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This is a followup post to Particle Swarm Optimization.

I wrote a script in Python for particle swarm optimization and I posted it here to get comments on the design. I was told that encapsulating the list used to hold the particles in a class would be a good idea, but it seemed like putting the Particle class I already had inside as a subclass was a good idea.

Now, I'm asking if it was indeed a good idea, and moreover if I made any rookie errors in using a subclass. For example, I wasn't completely sure about shared variables from a parent to a child subclass, so I just passed the ones I needed in the subclass initialization (worldWidth, worldHeight, and k).

Here is the "top" of the class, with the initialization of the parent class, the initializer function for the list, and the entirety of the the subclass. I've omitted all of the public methods of the parent class. For the whole code, see the repository.

class ParticleList:
    """ParticleList encapsulates the list of particles and functions used to
    manipulate their attributes
    """

    def __init__(self, NP, I, C, SR, LR, WW, WH, MV, K, FN):
        """create an array, assign values, and initialize each particle"""
            self.pList        = []
            self.numParticles = NP
            self.inertia      = I
            self.cognition    = C
            self.socialRate   = SR
            self.localRate    = LR
            self.worldWidth   = WW
            self.worldHeight  = WH
            self.maxVelocity  = MV
            self.k            = K
            self.fname        = FN
            self.createParticles()

    def createParticles(self):
        """create a list of particles and then create neighborhoods if it's called for (k > 0)"""
        for i in range(0,self.numParticles):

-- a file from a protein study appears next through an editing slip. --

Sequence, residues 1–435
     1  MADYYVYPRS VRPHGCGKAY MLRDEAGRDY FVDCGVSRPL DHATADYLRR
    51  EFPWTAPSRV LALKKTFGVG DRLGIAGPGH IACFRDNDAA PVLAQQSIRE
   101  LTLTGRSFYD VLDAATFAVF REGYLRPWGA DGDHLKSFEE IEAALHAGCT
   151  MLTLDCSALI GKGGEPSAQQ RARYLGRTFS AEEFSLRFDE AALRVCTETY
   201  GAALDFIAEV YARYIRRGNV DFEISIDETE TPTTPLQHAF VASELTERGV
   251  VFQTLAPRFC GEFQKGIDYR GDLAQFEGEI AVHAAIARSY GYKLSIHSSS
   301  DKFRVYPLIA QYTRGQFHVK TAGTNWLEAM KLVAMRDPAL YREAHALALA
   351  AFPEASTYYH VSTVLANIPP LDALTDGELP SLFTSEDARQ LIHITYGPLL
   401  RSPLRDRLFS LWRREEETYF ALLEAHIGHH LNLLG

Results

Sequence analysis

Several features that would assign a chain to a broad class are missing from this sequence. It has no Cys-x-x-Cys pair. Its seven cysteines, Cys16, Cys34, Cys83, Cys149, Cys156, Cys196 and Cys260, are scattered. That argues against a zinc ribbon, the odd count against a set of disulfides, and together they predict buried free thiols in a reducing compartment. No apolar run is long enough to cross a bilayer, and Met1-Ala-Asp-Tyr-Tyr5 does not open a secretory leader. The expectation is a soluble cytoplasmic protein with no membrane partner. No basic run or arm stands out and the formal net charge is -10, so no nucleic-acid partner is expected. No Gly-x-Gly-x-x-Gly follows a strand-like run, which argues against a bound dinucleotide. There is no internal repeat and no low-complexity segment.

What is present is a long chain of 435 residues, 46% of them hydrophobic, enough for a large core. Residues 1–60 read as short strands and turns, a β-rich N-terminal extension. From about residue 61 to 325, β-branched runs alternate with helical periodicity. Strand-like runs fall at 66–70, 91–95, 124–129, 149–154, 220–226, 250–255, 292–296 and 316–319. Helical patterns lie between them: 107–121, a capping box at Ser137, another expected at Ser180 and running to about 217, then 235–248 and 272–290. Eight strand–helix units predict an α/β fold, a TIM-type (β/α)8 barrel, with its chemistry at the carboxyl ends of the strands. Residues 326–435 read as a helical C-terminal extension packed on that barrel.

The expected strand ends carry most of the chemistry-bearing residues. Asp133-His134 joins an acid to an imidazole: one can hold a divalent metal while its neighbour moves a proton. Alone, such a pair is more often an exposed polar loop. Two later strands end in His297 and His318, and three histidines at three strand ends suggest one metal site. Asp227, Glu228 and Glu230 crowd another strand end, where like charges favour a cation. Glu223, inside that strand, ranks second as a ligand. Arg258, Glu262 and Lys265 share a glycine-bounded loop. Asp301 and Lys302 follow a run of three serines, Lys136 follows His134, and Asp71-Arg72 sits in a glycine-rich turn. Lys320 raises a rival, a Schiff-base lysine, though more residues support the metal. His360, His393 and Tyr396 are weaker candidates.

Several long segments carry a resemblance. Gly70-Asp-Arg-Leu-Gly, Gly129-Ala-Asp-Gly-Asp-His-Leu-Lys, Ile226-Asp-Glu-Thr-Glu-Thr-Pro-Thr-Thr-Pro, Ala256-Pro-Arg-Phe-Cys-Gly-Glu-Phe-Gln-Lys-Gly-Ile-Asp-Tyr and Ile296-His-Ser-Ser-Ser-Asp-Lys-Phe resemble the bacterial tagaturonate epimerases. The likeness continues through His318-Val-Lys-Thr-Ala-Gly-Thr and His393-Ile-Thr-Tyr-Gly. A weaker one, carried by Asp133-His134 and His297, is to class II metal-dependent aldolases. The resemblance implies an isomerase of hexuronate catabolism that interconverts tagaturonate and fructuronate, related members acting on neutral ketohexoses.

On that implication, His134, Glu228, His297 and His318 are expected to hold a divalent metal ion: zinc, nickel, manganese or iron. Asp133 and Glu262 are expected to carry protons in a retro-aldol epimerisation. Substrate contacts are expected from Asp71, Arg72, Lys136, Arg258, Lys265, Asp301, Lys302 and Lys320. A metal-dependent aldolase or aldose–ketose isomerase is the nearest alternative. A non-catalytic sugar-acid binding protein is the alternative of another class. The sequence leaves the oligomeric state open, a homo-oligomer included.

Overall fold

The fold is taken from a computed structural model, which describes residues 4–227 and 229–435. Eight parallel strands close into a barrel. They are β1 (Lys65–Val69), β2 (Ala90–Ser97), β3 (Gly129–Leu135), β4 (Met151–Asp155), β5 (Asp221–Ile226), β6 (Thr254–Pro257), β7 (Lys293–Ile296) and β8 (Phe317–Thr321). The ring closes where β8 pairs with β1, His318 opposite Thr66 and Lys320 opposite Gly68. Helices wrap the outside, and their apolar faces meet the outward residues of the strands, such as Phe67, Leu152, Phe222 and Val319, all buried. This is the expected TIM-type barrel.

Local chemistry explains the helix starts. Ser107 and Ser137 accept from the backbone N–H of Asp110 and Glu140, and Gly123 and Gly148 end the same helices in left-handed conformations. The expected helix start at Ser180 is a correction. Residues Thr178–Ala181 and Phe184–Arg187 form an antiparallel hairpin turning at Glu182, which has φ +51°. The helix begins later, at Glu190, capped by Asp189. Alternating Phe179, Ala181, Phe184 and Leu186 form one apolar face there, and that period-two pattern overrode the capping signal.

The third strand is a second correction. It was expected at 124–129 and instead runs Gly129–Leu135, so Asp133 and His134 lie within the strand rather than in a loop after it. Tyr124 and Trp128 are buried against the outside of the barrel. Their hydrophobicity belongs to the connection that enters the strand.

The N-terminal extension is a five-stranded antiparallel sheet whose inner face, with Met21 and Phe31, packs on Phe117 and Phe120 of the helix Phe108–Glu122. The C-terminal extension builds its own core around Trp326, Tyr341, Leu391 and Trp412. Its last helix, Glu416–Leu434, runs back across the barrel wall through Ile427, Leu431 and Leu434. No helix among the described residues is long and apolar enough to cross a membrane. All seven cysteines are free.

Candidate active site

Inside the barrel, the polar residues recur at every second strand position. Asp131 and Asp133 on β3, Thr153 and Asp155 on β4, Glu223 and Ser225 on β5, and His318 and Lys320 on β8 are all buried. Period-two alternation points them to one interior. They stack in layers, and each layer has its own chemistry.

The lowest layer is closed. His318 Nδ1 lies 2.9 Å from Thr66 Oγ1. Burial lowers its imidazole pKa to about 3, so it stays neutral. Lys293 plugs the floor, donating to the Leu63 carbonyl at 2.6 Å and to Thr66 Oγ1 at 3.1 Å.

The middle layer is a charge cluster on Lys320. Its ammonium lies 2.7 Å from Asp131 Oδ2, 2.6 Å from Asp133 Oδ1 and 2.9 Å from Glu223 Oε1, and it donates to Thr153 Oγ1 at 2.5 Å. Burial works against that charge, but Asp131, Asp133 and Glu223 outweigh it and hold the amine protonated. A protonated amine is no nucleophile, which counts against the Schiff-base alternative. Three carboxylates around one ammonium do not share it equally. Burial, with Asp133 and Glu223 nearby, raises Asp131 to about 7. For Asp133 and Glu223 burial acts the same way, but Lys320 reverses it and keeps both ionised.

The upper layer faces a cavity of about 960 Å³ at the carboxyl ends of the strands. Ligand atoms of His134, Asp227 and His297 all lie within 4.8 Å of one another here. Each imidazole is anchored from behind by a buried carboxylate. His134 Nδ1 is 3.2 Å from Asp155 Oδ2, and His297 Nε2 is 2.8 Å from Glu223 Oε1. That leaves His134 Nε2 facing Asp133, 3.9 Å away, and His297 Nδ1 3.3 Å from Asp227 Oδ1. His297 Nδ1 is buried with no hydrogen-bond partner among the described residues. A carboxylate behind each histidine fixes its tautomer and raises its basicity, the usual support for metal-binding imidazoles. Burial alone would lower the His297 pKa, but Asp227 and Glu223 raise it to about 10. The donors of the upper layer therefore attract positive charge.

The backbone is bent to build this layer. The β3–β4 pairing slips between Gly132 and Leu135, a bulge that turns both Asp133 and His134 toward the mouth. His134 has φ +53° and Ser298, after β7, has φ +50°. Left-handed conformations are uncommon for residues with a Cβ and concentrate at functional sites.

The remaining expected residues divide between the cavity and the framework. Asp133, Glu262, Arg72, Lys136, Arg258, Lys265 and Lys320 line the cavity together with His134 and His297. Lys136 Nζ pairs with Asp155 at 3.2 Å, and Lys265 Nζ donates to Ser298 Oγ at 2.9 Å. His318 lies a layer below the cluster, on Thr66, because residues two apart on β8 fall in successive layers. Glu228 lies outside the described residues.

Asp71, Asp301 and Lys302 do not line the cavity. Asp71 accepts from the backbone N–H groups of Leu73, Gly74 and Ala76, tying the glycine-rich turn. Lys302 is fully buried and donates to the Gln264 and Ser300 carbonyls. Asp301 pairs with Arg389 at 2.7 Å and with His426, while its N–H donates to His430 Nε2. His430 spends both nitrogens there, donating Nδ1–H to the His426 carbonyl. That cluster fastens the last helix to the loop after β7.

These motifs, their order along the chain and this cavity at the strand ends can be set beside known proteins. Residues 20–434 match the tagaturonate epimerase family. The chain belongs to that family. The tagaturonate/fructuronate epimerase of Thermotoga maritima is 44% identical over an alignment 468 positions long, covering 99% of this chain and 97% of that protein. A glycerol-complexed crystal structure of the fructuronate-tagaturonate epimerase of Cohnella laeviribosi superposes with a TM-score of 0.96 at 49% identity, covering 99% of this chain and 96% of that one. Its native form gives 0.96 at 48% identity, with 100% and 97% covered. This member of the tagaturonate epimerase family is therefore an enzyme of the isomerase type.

self.pList.append(self.Particle(i, self.worldWidth, self.worldHeight, self.k))

        #fill neighbor lists
        if self.k > 0:
            for p in self.pList:
                for x in range(p.index-(self.k/2),p.index+(self.k/2)+1):
                    if x > self.numParticles:
                        p.neighbors.append(x%self.numParticles)
                    elif x < 0:
                        p.neighbors.append(self.numParticles+x)
                    elif x == self.numParticles:
                        p.neighbors.append(0)
                    else:
                        p.neighbors.append(x)
            self.updatelBest()

        #initialize global and local bests
        self.updategBest()

    ###########

    class Particle:
        """this class is used for each particle in the list and all of their attributes"""
        #[Q value, x_pos, y_pos]
        gBest     = [0.0, 0, 0]
        bestIndex = 0

        #takes index in pList as constructor argument
        def __init__(self, i, worldWidth, worldHeight, K):
        #x,y coords, randomly initialized
        self.x          = randint(-worldWidth/2,worldWidth/2)
        self.y          = randint(-worldHeight/2,worldHeight/2)
        #x,y velocity
        self.velocity_x = 0.0
        self.velocity_y = 0.0
        #personal best
        #[fitness value, x coord, y coord]
        self.pBest      = [Q(self.x, self.y), self.x, self.y]
        self.index      = i
        #local best
        self.lBest      = []
        self.lBestIndex = 0
        #array for neighbor indicies
        self.neighbors  = []
        self.k          = K
        #for printing particle info
        def __str__(self):
            """Creates string representation of particle"""
            ret = """  i: {self.index!s}
            x: {self.x!s}
            y: {self.y!s}
            v_x: {self.velocity_x!s}
            v_y: {self.velocity_y!s}
            b: {self.pBest[0]!s}""".format(**locals())
            if self.k > 0:
                return ret+'  l: '+str(self.lBest)+'\n'
            else:
                return ret+'\n'

    ###########

Here are two example Q functions:

def Q(p_x,p_y):
    return float(100.0 * (1.0 - (pdist(p_x,p_y)/mdist())))

and

def Q(p_x,p_y):
    return float((9.0 * max(0.0, 10.0 - (pdist(p_x,p_y)**2))) + (10.0 * (1.0 - (pdist(p_x,p_y)/mdist()))) + (70.0 * (1.0 - (ndist(p_x,p_y)/mdist()))))
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  • \$\begingroup\$ I'm hoping that you do post a followup as there's a few suggestions I have that would help move this in the direction of a high quality library. As it happens I'm quite interested in this algorithm and I have a bit of a vested interest in seeing this progress, if you aren't wanting to write a follow up for whatever reason perhaps I can fork the repository and do some work on this in the fork. The only reason I hesitated to fork in the first place was that I was somewhat under the impression that this code was part of some coursework you were doing. \$\endgroup\$ – shuttle87 Jul 18 '15 at 15:41